Impact on Sudhir’s companies

Crane Bank only started disclosing some of the transactions with related companies in 2006. The related companies are those under the Ruparelia Group. The Ruparelia Group is a conglomerate of about 20 companies. Notable of these is lease costs for offices to Meera Investments. Crane Bank leases premises where branches are located. In 2005, Crane Bank was spending Shs2.4b on leasing premises. By 2015, that amount had gone up to Shs11.5b.

Additionally, related company deposits and borrowing from the bank have been growing. In 2005, the companies had borrowed Shs41b from the bank with deposits that same year also totaling Shs302.15b. By 2015, total loans to the related companies had increased to Shs52b and deposits that moved through from the same companies totaled Shs893b. The advances to related companies are short-term and the financial documents of the company indicate that repayment has been prompt with no non-performing asset from a related company.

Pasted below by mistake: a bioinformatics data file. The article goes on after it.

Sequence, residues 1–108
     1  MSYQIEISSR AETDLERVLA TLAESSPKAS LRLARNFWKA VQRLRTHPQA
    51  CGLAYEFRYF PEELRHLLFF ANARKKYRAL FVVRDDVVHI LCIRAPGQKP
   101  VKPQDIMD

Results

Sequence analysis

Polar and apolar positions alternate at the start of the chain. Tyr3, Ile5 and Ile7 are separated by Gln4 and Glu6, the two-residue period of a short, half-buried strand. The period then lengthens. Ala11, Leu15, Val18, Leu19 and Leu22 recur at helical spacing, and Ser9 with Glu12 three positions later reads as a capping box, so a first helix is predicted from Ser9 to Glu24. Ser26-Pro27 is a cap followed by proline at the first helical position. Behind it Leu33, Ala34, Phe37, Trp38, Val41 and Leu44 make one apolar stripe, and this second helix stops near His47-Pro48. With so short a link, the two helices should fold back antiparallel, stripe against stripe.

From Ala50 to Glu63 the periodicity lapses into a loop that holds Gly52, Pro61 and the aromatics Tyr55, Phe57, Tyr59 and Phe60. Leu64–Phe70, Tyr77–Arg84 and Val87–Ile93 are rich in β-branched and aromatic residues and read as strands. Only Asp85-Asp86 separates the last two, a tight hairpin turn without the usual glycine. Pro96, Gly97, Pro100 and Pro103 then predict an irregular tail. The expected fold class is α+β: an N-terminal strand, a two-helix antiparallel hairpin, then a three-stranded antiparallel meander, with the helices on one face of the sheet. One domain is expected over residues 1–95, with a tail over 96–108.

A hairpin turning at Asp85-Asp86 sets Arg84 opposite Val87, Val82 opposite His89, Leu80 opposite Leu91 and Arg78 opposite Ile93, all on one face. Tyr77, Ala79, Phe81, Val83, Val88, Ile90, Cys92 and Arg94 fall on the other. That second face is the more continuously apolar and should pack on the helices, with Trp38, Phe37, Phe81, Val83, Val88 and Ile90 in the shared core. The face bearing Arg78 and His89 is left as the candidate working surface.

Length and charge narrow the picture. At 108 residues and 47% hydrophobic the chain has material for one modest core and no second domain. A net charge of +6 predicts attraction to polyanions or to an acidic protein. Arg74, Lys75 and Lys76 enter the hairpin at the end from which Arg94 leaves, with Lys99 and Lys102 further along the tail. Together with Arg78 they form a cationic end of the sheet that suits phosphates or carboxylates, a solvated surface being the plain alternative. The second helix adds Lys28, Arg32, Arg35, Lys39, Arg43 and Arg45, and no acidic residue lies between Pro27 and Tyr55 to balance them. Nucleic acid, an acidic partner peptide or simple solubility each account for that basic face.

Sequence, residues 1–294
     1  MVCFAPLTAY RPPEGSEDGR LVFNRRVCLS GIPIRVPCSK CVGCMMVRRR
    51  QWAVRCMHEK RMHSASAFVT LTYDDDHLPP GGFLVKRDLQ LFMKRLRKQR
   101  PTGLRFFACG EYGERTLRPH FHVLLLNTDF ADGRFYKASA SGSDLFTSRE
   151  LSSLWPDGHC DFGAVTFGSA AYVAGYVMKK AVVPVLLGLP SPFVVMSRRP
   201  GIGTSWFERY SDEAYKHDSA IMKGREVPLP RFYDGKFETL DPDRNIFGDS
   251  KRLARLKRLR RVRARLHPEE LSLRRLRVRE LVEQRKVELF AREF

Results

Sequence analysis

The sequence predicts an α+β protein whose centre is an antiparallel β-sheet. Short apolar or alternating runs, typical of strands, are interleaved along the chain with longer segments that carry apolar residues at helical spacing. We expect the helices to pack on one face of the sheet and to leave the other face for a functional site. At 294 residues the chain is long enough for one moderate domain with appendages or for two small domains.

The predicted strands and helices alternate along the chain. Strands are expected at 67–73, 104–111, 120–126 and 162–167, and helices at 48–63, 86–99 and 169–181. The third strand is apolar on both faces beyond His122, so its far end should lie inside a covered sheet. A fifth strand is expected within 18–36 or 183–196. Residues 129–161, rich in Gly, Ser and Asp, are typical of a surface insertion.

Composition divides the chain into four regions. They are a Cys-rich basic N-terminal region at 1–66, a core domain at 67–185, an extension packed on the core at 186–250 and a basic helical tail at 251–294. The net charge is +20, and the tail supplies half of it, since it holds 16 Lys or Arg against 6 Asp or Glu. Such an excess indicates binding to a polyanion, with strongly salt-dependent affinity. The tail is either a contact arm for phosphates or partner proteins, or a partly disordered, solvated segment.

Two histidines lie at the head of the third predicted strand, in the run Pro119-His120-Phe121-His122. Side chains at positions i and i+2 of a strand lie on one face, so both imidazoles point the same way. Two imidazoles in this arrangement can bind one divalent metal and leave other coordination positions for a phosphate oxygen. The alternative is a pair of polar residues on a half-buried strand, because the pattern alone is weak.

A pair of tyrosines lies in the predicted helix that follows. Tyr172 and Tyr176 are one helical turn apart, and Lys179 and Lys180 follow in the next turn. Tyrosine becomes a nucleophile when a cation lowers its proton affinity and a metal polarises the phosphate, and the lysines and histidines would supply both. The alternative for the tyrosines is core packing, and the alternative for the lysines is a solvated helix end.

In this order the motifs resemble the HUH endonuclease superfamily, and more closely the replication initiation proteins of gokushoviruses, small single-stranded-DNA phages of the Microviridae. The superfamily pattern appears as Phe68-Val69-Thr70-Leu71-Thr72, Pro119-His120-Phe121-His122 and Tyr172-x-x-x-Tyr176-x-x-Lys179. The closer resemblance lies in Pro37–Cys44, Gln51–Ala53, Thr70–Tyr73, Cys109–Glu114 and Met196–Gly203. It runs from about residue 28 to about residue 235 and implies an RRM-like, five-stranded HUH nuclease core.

Another indigenous bank “falls”

Indigenous banks since 1993 have continued to falter. The first ever indigenous bank to be taken over by BoU was Teefe in 1993. In 1995, it was followed by Sembule Investment Bank and Nile Bank. It was only until 1996 and 1997 respectively that BoU moved away from managing them. BoU had managed to secure foreign investors for the two banks. Notably, Greenland and International Credit Bank suffered a different fate as they were seized, closed and assets liquidated giving them no opportunity to survive. The two were closed in 1999 and 1998, respectively. In September 2012, the National Bank of Commerce was also taken over by BoU for carrying out activities that were considered detrimental to depositors. The bank was later closed and assets sold to Crane Bank.

On October 20, 2016, Crane Bank was taken over by BoU. Government is looking for a new investor to inject capital in the bank. For now, two indigenous commercial banks are still standing; Centenary Bank and Orient Bank.